Publications by authors named "Katarzyna P Kaleta"

3 Publications

  • Page 1 of 1

Metabolic Disorders/Obesity Is a Primary Risk Factor in Hidradenitis Suppurativa: An Immunohistochemical Real-World Approach.

Dermatology 2021 Jul 22:1-9. Epub 2021 Jul 22.

Departments of Dermatology, Venereology, Allergology and Immunology, Dessau Medical Center, Brandenburg Medical School Theodor Fontane and Faculty of Health Sciences Brandenburg, Dessau, Germany.

Background: Hidradenitis suppurativa (HS) is an inflammatory, potentially scarring disease of the hair follicle, affecting the apocrine gland-bearing skin areas. The major comorbid disorders associated with the occurrence or the aggravation of the disease are obesity and smoking. Numerous efforts to dissociate these factors led to controversial results.

Objectives: To assess the importance of metabolic disorders/obesity, smoking/environmental toxins, and inflammation in HS by utilizing the differential expression of major relevant protein markers in lesional skin of obese/smoking versus non-obese/non-smoking HS patients.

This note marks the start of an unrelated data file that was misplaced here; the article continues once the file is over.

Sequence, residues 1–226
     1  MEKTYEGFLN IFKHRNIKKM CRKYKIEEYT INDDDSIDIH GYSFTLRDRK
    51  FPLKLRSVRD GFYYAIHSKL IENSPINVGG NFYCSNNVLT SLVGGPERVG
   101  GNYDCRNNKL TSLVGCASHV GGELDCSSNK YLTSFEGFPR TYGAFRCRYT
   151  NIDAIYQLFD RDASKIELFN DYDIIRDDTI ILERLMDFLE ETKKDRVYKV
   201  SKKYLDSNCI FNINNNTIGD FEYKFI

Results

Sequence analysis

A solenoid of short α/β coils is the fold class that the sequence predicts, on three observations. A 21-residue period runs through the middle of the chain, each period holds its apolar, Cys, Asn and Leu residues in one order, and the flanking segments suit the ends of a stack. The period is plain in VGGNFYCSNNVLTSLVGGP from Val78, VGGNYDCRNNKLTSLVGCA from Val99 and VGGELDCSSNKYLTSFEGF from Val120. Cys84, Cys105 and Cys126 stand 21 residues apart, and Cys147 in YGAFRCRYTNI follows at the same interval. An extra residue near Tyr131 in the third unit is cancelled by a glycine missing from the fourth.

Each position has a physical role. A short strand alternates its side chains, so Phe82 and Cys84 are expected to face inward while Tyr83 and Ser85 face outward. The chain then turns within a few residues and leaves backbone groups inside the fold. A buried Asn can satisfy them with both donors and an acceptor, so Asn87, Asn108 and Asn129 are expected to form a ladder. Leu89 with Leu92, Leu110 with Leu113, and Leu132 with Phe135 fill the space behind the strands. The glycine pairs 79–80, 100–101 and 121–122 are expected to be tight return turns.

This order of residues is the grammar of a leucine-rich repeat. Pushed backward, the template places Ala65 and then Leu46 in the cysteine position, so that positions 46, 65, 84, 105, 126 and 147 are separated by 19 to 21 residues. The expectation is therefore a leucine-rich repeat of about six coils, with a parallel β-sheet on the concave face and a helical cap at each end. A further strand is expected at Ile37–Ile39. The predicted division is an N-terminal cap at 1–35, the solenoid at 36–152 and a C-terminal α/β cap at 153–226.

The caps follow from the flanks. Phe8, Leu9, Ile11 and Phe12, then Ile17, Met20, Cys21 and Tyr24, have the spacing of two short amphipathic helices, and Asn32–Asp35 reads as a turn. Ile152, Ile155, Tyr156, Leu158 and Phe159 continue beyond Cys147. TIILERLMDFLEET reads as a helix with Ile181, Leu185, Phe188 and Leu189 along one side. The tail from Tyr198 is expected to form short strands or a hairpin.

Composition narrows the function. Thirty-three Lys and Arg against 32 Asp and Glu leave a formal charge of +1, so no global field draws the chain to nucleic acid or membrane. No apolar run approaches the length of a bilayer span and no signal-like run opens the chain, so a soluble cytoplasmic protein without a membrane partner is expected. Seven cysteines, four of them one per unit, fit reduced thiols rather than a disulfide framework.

Methods: Lesional skin specimens deriving from two groups of HS patients (BMI >30 and smokers, n = 12 vs. BMI <30 and non-smokers, n = 10) were stained with antibodies raised against irisin, PPARγ, and IGF-1R, which correlate with metabolic disorders/obesity, EGFR and AhR, associated with smoking, and IL-17, IL-17R, and S100A8, as markers of inflammation.

Results: Metabolic disorders/obesity-related markers exhibited marked differential expression between the two groups, while smoking-associated markers a limited one. IL-17R expression was stronger in obese/smokers, and S100A8 staining exhibited intense strong immunoreactivity in both groups without significant difference.

Conclusions: The notion that obesity plays a role in HS development appears to be supported by the prominent regulation of the associated lesional biomarkers. Tobacco smoking might contribute less to HS than previously suspected.
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http://dx.doi.org/10.1159/000517017DOI Listing
July 2021

The Skin as a Mirror of Internal Disease: Comorbidities and Epidemiology of Acne Vulgaris and Adult Female Acne - A Cross-sectional Study and Current State of Knowledge.

Acta Dermatovenerol Croat 2020 Dec;28(3):133-140

Katarzyna P. Kaleta, MD, Department of Dermatology Jagiellonian University Medical College, 8 Skawinska St, 30-066 Krakow, Poland;